Enemy intelligence: our occasional look at what thoughtful ruling class commentators are saying.
With no ‘good’ side to support, Michael Walzer says Washington should increase humanitarian aid rather than intervene militarily
By ELHANAN MILLER (The Times of Israel)
As President Barack Obama and other Western leaders mull arming rebels fighting the regime of Bashar Assad in Syria, a leading American expert said the United States should avoid military intervention in a country where its ability to identify positive elements for the future is extremely limited.
Speaking to The Times of Israel on the sidelines of the Middle East in Transition conference at Jerusalem’s Hebrew University on Wednesday, Michael Walzer, a professor emeritus of political theory at Princeton’s Institute for Advanced Study and author of “Just and Unjust Wars” — perhaps the most authoritative book on the subject — said that his position on Syria gradually shifted from skepticism about US military intervention in the early days of the uprising to staunch opposition to it today.
“Now you have jihadi fighters on the one hand and Hezbollah on the other, and it really doesn’t look like there’s much to choose between,” Walzer said. “It’s almost impossible to describe a desirable outcome in this civil war, and if you don’t have a desirable outcome — you can’t intervene.”
Walzer’s comments come amid mounting Republican pressure on the administration of Barack Obama to arm the waning rebel groups in Syria, and Democratic indecision on the matter. Following a recent visit with rebels near Syria’s border with Jordan, Senator John McCain (R-Az) expressed confidence that the US could ensure that heavy weaponry reached “the right hands.”
But Walzer argued that it has become virtually impossible to identify “right hands” in today’s Syria.
From the early days of the Syrian uprising, Walzer argued that three conditions must be met for the US to intervene militarily, conditions that were sorely disregarded when it engaged the Qaddafi regime in Libya in 2011. Firstly, the US must “pick a winner” and make sure he is capable of governing Syria; secondly, the US must secure Assad’s weapons arsenal and prevent it from leaking into neighboring countries; and finally the new (presumably) Sunni government must guarantee the physical safety of the country’s minorities: Alawites, Druze, Christians and Kurds.
“The only way to achieve these goals is with troops on the ground,” Walzer argued, adding that no one in the American political system is willing to pay that price.
Walzer is by no means a non-interventionist. He supported American military action in places like Kosovo and Rwanda in the 1990s and in Darfur, Sudan, over the past decade. Nor does he believe that a democratic outcome is a prerequisite for military intervention where “systematic massacres” are perpetrated. For him, the Vietnamese invasion of Cambodia in November 1978 and the Tanzanian invasion of Uganda that same year serve as models of justified military interventions, though neither were authorized by the UN and both were motivated more by geopolitical considerations than by humanitarian ones. ”But they stopped the killing,” he said.
The Syrian case is different, however.
“In Syria, there isn’t a deliberate systematic massacre of hundreds of thousands of people. There’s a war going on, and it’s being fought with great brutality on both sides, though there’s probably a greater capacity for brutality on the government side.”
As the official death toll in Syria reached 93,000 on Thursday according to UN figures, the lack of a military option does not mean the US must stand idly by, Walzer said. Humanitarian assistance to Syrian refugees could be dramatically increased, he argued, and together with the Russians the US should explore the possibility of forming a transitional government.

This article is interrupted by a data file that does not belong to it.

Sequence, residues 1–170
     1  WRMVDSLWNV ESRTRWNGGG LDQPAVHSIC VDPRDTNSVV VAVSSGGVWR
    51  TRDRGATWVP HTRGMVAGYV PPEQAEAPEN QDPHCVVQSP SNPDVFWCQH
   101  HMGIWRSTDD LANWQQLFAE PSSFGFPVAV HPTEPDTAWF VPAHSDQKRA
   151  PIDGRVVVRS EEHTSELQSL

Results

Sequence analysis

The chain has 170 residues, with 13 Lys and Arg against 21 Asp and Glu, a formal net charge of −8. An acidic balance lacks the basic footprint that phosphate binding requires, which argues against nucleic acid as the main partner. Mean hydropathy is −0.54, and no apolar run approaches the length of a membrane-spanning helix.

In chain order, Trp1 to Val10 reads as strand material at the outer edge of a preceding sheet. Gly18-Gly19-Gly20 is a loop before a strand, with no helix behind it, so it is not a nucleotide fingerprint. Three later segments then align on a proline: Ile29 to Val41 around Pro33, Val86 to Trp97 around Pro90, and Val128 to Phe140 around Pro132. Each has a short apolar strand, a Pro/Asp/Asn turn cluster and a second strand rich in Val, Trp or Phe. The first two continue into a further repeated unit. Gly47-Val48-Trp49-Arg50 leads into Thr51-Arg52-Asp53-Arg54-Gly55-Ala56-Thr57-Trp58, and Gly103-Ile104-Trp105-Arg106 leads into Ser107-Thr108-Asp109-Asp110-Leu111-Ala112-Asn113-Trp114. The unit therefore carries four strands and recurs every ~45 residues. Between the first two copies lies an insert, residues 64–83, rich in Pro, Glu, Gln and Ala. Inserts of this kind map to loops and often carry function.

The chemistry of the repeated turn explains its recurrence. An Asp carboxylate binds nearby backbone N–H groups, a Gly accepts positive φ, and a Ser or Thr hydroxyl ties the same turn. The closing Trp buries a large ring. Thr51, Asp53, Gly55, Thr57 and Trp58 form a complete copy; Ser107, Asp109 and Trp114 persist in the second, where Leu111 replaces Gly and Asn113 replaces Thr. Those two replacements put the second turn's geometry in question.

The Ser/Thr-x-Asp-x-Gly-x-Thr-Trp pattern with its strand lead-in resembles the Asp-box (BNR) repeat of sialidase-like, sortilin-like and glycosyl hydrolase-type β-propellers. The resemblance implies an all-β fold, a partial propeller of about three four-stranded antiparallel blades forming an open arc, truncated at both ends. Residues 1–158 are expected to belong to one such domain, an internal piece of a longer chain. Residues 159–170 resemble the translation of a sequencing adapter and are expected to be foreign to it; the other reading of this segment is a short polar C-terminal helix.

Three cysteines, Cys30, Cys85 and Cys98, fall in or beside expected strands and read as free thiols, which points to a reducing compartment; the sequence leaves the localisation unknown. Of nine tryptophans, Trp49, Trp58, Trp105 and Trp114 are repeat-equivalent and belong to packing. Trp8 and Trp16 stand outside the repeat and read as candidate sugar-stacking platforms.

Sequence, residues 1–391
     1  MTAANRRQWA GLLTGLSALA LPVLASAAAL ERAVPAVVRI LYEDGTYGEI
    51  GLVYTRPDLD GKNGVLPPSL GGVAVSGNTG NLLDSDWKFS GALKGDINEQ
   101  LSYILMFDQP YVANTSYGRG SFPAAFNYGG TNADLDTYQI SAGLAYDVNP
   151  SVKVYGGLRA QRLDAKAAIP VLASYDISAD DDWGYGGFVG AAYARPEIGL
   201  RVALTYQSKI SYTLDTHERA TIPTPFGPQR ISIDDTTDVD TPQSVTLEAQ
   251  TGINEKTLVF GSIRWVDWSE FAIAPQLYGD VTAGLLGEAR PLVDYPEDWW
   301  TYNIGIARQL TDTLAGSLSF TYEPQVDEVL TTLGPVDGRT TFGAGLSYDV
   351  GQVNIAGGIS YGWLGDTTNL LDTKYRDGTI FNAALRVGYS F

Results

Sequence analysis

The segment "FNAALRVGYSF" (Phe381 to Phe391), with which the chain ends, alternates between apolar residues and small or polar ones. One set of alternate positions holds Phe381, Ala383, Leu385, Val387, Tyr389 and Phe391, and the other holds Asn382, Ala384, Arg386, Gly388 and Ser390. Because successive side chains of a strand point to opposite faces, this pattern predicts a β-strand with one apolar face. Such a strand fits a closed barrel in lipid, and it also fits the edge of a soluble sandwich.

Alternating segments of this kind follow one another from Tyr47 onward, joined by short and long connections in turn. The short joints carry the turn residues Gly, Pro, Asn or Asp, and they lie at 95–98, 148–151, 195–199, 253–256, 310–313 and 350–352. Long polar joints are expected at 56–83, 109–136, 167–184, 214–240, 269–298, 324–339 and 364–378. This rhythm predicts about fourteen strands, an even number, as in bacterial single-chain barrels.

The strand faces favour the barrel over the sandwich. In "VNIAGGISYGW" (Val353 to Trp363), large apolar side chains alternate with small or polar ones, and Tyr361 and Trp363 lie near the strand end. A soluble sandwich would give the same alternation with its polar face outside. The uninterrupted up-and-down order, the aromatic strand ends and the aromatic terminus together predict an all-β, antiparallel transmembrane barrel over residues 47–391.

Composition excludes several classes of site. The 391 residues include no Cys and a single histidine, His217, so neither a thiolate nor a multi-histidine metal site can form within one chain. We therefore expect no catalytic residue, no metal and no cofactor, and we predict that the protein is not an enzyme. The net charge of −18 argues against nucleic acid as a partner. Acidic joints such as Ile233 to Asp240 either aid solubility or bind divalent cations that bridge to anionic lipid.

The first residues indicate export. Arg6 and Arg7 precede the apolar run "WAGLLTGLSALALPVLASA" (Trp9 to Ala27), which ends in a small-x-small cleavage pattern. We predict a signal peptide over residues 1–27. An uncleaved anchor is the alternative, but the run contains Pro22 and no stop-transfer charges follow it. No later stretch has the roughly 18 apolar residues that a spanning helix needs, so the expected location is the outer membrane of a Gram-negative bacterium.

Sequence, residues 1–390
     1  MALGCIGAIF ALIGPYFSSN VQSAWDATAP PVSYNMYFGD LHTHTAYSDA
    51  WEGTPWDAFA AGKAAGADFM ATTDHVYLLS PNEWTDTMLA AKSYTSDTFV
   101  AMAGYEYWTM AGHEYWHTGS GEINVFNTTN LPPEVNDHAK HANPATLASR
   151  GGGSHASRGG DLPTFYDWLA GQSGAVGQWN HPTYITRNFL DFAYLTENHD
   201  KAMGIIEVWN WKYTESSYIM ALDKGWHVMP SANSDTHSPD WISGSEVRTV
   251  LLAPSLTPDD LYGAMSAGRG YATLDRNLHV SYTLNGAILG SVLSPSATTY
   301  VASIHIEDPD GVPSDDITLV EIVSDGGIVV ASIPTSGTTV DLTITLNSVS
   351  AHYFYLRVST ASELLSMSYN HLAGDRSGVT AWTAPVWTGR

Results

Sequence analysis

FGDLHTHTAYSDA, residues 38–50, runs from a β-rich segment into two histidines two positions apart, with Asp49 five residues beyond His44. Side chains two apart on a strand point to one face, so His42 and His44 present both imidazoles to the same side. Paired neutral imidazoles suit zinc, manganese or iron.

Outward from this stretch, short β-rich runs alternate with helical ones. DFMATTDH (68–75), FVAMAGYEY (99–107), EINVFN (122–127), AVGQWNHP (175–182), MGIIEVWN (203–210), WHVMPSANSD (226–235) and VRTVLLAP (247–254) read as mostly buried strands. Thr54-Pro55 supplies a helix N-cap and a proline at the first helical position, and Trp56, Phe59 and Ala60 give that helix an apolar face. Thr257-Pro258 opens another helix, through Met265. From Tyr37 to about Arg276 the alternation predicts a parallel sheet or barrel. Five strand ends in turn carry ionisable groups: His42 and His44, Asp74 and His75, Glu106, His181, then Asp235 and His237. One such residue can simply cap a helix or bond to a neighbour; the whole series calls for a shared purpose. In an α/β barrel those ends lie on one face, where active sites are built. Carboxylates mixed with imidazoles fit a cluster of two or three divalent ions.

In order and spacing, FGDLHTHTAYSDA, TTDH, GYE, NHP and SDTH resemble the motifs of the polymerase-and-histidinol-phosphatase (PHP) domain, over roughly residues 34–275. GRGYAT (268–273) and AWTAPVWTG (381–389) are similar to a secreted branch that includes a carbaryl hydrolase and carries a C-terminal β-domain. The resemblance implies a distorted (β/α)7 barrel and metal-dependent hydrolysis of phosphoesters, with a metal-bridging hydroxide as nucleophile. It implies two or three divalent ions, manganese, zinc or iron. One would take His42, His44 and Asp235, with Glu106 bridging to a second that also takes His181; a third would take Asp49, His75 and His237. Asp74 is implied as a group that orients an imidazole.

“There are now generals from the Syrian army fighting on both sides. Maybe we could get them together and form a military junta that could stop the killing.”
Syria’s first government could not be created by elections, Walzer said, but only through negotiations between political and military forces.
“You can’t have elections where there are people whose goal is to to kill their enemies. A system of power sharing cannot be imagined if you don’t first have an end to violence, the beginning of civil society.”
Even if military intervention does eventually become justified, for instance if the government begins systematically using chemical weapons against civilians — “not experimentally, which seems to be what has happened so far” — the obligation to intervene lies primarily with Syria’s immediate neighbors and not with distant superpowers, “who are likely to do it less well.”
“The difficulty is that the Arab world is divided,” he concluded.
H/t: Prof Norm
I’ve liked Iain Banks’ writing ever since reading The Wasp Factory in the 1980′s. And although I never met him, I’ve liked what I’ve seen and heard of him personally: self-deprecating, witty and obviously a good leftie.
His humanity, humour and courage were all in evidence when he announced that he had terminal cancer a couple of months ago, adding that he’d asked his partner to do him the honour of becoming his widow.
So it was with genuine sadness that I heard about his death yesterday.
That doesn’t mean, however, that I agreed with everything he said and did. His decision to refuse to have his books published in Israel was, in my opinion, stupid, counter-productive gesture politics of the worst kind, and all too typical of the antics of the BDS campaign and the PSC (especially, it seems, the Scottish PSC).
The fact that immediately following his sad announcement, Banks agreed to let the Guardian publish his views on Jews and Israel, doesn’t make those views any less stupid or ignorant.
David Hirsh at Engage came in for some stick for attacking Banks at the time, but I like to think he (Banks) was a big enough guy, and serious enough about politics, to have taken the criticism on the chin: